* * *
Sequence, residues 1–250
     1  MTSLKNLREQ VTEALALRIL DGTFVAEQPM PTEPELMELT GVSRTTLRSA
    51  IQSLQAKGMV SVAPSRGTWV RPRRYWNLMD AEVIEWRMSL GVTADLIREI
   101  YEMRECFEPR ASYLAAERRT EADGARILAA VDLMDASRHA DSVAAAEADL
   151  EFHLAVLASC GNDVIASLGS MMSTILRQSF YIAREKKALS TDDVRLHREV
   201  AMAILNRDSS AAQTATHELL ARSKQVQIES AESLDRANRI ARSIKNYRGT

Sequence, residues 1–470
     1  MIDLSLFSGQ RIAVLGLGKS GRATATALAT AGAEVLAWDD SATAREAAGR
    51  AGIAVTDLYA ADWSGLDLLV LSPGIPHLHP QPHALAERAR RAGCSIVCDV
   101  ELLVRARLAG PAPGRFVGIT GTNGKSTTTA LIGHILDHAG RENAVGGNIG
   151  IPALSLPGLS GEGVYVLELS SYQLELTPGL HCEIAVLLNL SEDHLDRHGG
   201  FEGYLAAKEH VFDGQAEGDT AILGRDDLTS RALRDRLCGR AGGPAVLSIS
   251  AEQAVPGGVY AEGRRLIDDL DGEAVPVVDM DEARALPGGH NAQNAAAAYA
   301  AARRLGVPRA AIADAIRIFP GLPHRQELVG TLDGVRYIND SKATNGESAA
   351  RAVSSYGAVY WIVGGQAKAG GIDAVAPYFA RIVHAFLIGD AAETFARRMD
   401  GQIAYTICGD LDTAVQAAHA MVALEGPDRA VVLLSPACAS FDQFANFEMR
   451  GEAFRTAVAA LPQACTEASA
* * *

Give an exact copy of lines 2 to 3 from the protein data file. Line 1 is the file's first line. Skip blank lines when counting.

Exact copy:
     1  MTSLKNLREQ VTEALALRIL DGTFVAEQPM PTEPELMELT GVSRTTLRSA
    51  IQSLQAKGMV SVAPSRGTWV RPRRYWNLMD AEVIEWRMSL GVTADLIREI